She advises that we shift our thinking from a performance focus to a mastery focus. Then, our aim to pursue high standards becomes less about proving ourselves to others, and more about gaining and using new skills. Instead of reinforcing our sense of insecurity, we start boosting our self-confidence.

6. Be vigilant about Parkinson’s Law.

Parkinson’s Law states that work expands to fill the time available.

Say you have two weeks to complete a report. You should set yourself an artificial deadline to finish it, and submit it then – rather than waiting until the end of the two weeks. If you try to use all the time you’ve got, you’ll likely continue writing and rewriting your work, to the point where you’re getting “diminishing returns.”

Do your due diligence, set a realistic deadline – and then (to paraphrase Seth Godin), “Ship it already!”

7. Be fair to others.

When you’re leading others, it’s easy to say, “Do as I do.” However, holding others accountable to your own personal standards may not be practical. You can still demand excellence from your team, but don’t confuse excellence with perfectionism.

Excellence is attainable, while perfectionism places an unfair burden on people to achieve impossible standards.

Perfectionism slows down the team, ramps up the stress, and puts overall performance at serious risk.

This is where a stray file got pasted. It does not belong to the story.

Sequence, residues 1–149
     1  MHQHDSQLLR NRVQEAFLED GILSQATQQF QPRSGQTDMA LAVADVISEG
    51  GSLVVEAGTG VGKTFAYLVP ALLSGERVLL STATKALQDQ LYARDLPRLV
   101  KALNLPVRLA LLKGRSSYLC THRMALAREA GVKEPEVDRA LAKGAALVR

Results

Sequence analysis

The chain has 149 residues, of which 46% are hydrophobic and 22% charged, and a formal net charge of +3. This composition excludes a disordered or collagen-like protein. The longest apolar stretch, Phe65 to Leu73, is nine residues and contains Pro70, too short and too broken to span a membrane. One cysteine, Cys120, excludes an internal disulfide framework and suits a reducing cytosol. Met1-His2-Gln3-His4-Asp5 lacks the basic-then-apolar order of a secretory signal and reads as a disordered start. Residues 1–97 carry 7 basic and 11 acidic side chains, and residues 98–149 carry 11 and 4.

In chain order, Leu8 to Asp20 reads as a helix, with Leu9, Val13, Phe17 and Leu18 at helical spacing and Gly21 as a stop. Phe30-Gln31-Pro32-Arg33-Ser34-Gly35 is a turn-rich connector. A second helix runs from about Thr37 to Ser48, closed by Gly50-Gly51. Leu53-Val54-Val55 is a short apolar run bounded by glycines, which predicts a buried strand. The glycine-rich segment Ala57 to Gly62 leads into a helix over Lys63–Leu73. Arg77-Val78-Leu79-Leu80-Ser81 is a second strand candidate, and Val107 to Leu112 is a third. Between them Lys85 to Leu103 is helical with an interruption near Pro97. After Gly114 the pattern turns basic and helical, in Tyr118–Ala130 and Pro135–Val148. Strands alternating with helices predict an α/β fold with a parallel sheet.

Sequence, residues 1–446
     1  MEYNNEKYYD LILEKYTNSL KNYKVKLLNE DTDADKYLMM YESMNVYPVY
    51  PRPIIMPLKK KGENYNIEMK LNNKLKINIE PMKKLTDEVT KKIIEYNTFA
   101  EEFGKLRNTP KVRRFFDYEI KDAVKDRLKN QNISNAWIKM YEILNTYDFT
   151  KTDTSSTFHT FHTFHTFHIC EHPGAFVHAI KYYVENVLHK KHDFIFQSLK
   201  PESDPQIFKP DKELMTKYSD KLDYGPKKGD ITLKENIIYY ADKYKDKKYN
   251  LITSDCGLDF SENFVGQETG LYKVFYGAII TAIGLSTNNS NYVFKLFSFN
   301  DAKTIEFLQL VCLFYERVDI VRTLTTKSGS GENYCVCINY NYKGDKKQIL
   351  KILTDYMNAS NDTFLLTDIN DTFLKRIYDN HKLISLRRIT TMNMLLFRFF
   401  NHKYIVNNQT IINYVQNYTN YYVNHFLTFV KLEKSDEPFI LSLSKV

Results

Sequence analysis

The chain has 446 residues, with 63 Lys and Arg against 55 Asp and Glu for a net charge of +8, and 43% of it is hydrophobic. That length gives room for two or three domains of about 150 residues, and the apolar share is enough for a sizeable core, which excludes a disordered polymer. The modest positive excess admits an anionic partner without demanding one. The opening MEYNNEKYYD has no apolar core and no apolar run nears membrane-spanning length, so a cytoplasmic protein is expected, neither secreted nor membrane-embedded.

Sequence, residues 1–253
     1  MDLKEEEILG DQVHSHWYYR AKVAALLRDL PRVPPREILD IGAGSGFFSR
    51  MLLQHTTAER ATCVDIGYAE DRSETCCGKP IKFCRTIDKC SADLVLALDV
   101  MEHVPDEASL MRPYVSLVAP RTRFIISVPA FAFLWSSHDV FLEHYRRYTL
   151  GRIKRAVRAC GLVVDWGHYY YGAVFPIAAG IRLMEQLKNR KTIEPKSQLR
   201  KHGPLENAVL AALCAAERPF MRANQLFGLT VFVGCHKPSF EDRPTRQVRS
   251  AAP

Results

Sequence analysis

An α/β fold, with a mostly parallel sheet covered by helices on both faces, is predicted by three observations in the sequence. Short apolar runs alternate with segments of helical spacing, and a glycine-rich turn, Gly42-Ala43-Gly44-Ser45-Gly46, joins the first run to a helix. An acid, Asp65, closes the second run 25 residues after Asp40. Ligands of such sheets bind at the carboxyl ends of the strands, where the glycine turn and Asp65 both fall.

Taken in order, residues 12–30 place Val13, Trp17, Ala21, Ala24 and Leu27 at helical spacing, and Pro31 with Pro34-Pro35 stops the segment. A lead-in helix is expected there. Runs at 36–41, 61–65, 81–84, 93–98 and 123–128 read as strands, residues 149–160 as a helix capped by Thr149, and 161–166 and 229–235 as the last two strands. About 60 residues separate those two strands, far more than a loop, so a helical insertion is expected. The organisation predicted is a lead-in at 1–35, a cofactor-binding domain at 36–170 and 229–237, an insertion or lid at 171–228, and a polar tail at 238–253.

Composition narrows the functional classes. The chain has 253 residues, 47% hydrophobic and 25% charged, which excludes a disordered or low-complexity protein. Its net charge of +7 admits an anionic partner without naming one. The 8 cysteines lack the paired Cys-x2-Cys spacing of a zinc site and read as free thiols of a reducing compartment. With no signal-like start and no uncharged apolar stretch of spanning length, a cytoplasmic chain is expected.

Conclusion

Cut yourself some slack. Tempering perfectionism for the sake of progress doesn’t mean giving up on excellence.

It’s not about being careless. You’re just setting realistic and achievable standards of performance. The focus is on continuous improvement – not on some distant possibility of perfection.

Focus on knowing when something is good enough, so that you can move on. Ultimately, you need to recognize that progress trumps perfection every time.

How Mind Tools Can Help

Mind Tools has a wide range of resources to help you tackle all the issues raised above.

Read our article on perfectionism to understand and address this condition as a whole. We also have a step-by-step guide to managing perfectionists.

If you think procrastination is a particular issue for you, why not start with our quiz, Are You a Procrastinator? And, if it turns out that you are… don’t put off doing something about it! We’ve got a great video guide to overcoming procrastination.

Not sure if you’re up to the challenges you face at work? Boost your confidence with our article on beating Impostor Syndrome.

And to maximize progress, we’ve got valuable resources for boosting engagement, increasing motivation, and setting the right level of conscientiousness – to get the best from yourself, and from everyone else on your team.

How do you deal with perfectionism and procrastination? Share your experiences in the Comments, below.